How do you bring your art to a finished level?



  • So looking at my picture in comparison to others in the June Challenge mine seemed less "finished". There were quite a few that my composition, drawing, perspective, and other fundamentals were on par with, but the others were just more "finished". Is this something you can specifically work on? Is it just a gradual thing that happens as you build skill? How do you bring your art to a finished level?

    Blane



  • @Taigyo Hi. It may be helpful if you re-posted your entry work here and then we could look at it more closely.


  • SVS OG

    @Taigyo I love the shadow cast by your tree.. it looks super nice to me. I think it stands out because there is no black line around it and looks like water color doing a great job doing what water color does best. To me some of your lines look sketchy in your finished piece which is not a good or bad thing - i make Very sketchy original sketches but working digitally gives me the luxury of working on a drawing until i feel good'ish about it - i spent over 61 hours and made more than 50,000 strokes on my last drawing...i don't think i would have any success with an image if i did not work digitally. It seems like you have one shot when you work in water color and you don't have the luxury of reworking the same image over and over. So i guess more careful mark making would be what i would say is what would make it look more finished to me... I hope that does not sound harsh to you... i need to work on my mark making too...and i could be wrong too LOL! I found a link a while ago to a PDF of a Peter de Seve drawing/watercolor tutorial that seems pretty great. Huge amount of prep work before the paint goes down..i'm not sure if he talks about the three inks he mixes for his linework in this one or if it is in a book i read...but he does not use black for his line. Maybe check it out? He is the best of the best..(Carter Goodrich too) Here is the link http://www.sjhcalvin.com/peterdeseve_tut.pdf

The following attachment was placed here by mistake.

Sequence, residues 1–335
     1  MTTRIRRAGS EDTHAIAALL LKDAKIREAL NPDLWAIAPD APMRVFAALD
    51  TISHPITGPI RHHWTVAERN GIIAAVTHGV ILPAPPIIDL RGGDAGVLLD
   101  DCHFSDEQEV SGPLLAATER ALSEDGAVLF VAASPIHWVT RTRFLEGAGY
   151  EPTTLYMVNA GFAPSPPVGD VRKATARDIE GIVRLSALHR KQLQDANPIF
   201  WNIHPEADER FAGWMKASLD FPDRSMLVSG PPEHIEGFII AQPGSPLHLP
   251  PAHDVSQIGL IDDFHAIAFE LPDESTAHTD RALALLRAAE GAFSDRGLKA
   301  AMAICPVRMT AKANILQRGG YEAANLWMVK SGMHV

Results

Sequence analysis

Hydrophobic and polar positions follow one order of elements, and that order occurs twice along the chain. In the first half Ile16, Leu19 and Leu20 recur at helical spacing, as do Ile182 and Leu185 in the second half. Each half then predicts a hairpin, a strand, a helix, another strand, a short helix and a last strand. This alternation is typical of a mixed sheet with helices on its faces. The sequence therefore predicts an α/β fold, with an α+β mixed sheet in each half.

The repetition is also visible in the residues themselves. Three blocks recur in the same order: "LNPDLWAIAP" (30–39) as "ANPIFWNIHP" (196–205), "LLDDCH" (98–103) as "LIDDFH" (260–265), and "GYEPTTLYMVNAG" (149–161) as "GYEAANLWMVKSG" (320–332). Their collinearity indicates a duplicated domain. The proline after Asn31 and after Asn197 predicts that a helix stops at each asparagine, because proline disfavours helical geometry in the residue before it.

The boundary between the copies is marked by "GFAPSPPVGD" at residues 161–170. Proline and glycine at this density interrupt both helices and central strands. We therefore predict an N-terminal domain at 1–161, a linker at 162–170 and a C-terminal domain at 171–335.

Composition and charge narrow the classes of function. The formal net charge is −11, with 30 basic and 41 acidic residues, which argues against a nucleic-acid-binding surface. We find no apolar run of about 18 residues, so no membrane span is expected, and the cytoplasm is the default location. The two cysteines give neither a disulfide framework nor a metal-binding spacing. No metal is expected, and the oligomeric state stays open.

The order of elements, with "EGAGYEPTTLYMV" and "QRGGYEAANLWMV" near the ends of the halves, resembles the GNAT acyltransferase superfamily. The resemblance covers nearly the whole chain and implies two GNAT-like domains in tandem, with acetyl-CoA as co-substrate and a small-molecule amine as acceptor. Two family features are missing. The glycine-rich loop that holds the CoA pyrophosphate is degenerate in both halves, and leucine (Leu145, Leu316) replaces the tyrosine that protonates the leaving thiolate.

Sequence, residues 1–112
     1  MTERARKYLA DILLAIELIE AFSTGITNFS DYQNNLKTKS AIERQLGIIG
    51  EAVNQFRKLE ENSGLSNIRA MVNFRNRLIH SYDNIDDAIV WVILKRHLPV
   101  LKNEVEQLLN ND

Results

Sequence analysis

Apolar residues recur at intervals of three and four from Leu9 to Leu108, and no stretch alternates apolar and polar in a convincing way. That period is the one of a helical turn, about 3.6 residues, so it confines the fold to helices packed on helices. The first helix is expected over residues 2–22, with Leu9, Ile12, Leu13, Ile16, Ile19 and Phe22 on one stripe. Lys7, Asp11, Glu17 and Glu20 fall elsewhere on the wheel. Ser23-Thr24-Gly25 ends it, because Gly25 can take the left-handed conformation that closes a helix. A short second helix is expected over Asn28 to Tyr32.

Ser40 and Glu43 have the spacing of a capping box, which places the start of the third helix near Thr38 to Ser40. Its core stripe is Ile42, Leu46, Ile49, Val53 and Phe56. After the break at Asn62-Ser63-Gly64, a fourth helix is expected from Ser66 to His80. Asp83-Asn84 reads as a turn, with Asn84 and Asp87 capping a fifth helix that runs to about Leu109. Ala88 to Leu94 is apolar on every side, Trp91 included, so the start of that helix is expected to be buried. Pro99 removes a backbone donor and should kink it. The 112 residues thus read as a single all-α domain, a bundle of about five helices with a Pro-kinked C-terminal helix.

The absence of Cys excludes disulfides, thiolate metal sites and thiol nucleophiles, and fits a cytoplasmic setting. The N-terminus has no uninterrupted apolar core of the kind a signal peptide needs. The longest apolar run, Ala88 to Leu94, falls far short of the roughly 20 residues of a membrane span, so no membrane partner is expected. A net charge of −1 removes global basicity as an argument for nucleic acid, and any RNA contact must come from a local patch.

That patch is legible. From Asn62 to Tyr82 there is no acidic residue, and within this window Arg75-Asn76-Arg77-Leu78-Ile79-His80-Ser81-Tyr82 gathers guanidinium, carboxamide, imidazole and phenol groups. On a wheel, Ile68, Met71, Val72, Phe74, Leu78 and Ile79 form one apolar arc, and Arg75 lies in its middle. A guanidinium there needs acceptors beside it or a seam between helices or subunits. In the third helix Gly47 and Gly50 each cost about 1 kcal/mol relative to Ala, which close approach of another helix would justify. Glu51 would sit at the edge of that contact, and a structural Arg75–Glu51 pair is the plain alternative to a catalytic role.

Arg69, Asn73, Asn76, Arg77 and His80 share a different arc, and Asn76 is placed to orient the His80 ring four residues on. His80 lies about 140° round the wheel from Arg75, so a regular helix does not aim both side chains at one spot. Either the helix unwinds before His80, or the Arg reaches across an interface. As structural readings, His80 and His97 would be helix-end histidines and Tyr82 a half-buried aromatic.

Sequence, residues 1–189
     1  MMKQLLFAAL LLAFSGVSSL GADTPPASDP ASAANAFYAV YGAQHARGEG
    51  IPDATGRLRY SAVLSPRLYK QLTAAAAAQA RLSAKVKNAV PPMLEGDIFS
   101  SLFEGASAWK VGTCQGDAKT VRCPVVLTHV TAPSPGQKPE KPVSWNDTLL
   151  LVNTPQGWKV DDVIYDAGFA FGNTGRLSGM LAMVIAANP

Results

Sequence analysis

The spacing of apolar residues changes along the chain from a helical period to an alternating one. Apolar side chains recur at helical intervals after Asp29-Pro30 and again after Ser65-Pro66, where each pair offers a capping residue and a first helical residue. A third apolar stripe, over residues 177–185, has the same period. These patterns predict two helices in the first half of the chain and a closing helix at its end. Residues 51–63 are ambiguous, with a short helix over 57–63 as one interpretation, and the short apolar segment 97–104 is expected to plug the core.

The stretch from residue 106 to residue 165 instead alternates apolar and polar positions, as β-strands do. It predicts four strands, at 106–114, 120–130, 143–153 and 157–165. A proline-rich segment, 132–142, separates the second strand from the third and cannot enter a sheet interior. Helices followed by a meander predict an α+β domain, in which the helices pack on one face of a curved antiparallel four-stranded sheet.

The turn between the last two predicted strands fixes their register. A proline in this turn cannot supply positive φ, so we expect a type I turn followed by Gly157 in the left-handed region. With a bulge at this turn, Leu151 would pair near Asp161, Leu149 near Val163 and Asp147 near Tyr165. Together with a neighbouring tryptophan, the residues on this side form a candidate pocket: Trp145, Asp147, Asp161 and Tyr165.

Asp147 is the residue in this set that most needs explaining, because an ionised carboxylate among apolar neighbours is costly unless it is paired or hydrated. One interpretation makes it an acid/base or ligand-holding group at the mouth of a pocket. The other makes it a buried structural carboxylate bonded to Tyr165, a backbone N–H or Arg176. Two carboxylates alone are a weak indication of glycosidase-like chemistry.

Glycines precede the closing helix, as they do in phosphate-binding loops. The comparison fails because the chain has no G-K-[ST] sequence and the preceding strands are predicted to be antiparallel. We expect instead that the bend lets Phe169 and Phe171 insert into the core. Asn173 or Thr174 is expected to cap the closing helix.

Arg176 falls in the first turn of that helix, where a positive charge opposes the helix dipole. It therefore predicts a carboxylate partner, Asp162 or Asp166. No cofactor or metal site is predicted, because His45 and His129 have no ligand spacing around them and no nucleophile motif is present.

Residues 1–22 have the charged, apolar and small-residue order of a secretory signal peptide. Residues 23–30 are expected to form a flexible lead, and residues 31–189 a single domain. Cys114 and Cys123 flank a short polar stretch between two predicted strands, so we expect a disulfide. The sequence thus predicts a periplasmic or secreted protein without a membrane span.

• Not harsh at all, thanks for the feedback. I am a big admirer of Peter DeSeve and I actually have a copy of the article where he describes his technique. I think perhaps I should do some master studies of his work. If I remember correctly, he uses a brown or sepia pencil for his line work. It contributes to the shape but does not dominate. Thanks again I will look seriously at my mark making.

    Blane





  • @Taigyo I'm not sure how long you worked on this, but I agree the reason it feels less finished because the mark making looks less intentional, more like a sketch. Overall it looks kind of rushed?

    If you used this image as your color study and then did another pass on a new piece of paper and took your time, maybe it would look more finished because you had less figuring it out as you went?

    But also I do think this is something that will come with time the more comfortable you get in general with your tools


  • Pro

    @Taigyo You have a wonderful sketchy style, which I think is great for watercolor/water based markers! I think watercolor shows the most of its potential when it's looser, rather than really polished, because the spontaneity of the water effects is gorgeous and cannot be replicated. Similarly you sketchy inking style is really intriguing.